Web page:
The infamous Mirai Internet of Things botnet has changed course with a new version switching to mining bitcoin, at least temporarily.
First spotted by researchers at IBM Corp.’s X-Force security arm, the new variant of the ELF Linux/Mirai malware was detected mining bitcoin for a few days in late March, before it then mysterious stopped doing so.
“We did not find any evidence to indicate why this attack was short-lived; however, seeing campaigns with a short life cycle such as this is common,” Senior Threat Researcher David McMillen told eWeek. “We haven’t seen activity since March 27. However, that isn’t to say we won’t see more activity in the future.”
The variant used a two-stage process to hijack machines to mine bitcoin. It started with an initial infection in finding and then infecting Internet of Things devices that are running BusyBox software with the default username and password still in place. Once on the device, the second stage involved the installation of a bitcoin miner obtained from an external server, meaning that the miner itself was not bundled with the initial installation.
Whether the use of the Mirai botnet for bitcoin mining was a success or not is uncertain. “Given Mirai’s power to infect thousands of machines at a time … there is a possibility that the bitcoin miners could work together in tandem as one large miner consortium,” McMillen explained. “We haven’t yet determined that capability, but we found it to be an interesting yet concerning possibility. It’s possible that while the Mirai bots are idle and awaiting further instructions, they could be leveraged to go into mining mode.”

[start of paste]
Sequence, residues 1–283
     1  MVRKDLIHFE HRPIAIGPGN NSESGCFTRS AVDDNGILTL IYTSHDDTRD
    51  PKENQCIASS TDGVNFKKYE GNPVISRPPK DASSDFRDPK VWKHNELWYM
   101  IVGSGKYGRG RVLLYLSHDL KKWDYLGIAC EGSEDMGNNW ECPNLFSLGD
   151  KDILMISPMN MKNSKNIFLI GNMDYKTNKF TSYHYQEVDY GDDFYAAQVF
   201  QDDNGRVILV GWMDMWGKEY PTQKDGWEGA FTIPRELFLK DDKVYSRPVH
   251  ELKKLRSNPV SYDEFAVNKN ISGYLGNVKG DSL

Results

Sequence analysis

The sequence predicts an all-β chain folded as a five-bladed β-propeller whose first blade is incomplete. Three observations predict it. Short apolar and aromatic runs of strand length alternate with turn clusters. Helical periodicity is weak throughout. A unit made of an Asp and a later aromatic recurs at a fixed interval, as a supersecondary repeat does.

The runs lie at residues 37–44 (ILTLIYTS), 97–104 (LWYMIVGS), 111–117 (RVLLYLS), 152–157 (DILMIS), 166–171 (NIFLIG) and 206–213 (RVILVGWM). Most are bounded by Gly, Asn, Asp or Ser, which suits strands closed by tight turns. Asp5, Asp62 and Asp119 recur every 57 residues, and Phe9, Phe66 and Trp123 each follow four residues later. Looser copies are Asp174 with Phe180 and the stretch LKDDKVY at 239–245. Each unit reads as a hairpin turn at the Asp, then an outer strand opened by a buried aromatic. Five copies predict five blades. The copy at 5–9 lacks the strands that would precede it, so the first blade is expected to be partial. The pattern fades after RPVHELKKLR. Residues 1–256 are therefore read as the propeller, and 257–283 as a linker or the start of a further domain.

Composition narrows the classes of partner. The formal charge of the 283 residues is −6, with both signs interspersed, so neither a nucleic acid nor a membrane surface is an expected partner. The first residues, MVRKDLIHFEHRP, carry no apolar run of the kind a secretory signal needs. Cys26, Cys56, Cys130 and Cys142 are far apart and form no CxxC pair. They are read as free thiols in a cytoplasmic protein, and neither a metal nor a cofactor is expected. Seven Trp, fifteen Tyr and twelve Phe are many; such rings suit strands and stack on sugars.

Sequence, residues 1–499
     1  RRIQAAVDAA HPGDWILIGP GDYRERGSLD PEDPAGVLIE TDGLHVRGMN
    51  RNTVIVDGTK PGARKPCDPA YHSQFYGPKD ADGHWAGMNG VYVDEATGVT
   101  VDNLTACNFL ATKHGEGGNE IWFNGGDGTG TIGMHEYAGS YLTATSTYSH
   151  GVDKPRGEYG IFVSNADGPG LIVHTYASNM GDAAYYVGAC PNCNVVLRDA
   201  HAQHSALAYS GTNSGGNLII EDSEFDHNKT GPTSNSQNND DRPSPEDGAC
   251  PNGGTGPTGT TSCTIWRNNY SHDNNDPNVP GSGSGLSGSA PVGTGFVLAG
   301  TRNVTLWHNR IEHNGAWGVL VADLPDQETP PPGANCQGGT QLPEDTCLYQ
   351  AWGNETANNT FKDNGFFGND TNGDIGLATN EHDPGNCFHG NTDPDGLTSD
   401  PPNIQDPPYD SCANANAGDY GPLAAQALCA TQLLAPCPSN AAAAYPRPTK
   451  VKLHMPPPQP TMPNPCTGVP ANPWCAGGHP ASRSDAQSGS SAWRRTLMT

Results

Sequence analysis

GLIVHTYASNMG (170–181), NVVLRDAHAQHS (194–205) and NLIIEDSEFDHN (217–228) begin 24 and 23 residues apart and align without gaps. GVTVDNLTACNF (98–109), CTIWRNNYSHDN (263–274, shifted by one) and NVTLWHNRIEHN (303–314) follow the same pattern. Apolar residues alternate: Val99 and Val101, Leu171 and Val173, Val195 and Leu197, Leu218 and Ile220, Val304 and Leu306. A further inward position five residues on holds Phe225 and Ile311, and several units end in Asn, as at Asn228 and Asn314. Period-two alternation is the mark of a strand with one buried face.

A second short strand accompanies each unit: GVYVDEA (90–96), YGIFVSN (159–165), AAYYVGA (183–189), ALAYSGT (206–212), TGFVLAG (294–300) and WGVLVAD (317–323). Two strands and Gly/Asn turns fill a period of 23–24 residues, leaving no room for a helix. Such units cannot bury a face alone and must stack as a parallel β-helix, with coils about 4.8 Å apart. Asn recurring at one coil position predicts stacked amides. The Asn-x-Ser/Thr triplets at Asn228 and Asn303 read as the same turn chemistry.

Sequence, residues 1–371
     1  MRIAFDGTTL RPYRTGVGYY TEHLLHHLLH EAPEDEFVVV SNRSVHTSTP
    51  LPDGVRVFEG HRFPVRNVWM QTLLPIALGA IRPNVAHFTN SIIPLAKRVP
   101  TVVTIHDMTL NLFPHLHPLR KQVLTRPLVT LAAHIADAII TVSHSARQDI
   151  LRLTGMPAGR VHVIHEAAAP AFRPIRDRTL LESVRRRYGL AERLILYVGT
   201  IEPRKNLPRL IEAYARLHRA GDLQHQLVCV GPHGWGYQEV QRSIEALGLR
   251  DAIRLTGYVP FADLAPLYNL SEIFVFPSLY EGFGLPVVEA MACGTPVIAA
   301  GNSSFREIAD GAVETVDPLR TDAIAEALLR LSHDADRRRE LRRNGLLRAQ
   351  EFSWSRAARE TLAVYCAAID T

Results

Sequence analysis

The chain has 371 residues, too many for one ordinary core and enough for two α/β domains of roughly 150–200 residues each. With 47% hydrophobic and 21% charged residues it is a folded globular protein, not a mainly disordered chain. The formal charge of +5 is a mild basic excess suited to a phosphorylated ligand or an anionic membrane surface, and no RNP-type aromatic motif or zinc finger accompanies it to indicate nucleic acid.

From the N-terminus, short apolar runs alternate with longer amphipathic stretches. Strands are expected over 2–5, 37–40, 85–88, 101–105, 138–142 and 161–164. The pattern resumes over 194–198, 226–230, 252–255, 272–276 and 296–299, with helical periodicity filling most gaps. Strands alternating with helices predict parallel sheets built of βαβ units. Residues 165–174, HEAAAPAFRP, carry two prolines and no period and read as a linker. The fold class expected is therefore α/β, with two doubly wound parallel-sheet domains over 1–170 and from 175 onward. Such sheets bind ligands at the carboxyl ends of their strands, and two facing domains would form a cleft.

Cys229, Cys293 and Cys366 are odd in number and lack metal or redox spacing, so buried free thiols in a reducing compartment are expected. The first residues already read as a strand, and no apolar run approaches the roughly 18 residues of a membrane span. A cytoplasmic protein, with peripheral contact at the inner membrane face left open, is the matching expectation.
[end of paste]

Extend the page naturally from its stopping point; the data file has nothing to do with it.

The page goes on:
Bitcoin mining involves the use of computers to figuratively “mine” for bitcoin, in which the network puts together the collection of a block, a few hundred pending bitcoin transactions, and then turns them into a mathematical puzzle. Miners subsequently attempt to solve the puzzle. This is how bitcoin comes into being, and while it was once possible to use even a single computer to mine for bitcoin, the larger bitcoin grows, the harder the puzzles are to solve, resulting in bitcoin mining farms which involve hundreds and sometimes thousands of computers dedicated to the process.
In theory, thousands of IoT devices in a botnet could be used for bitcoin mining, but as IBM notes, given most of those devices have low computing power it’s highly questionable as to how effective they could be in the process.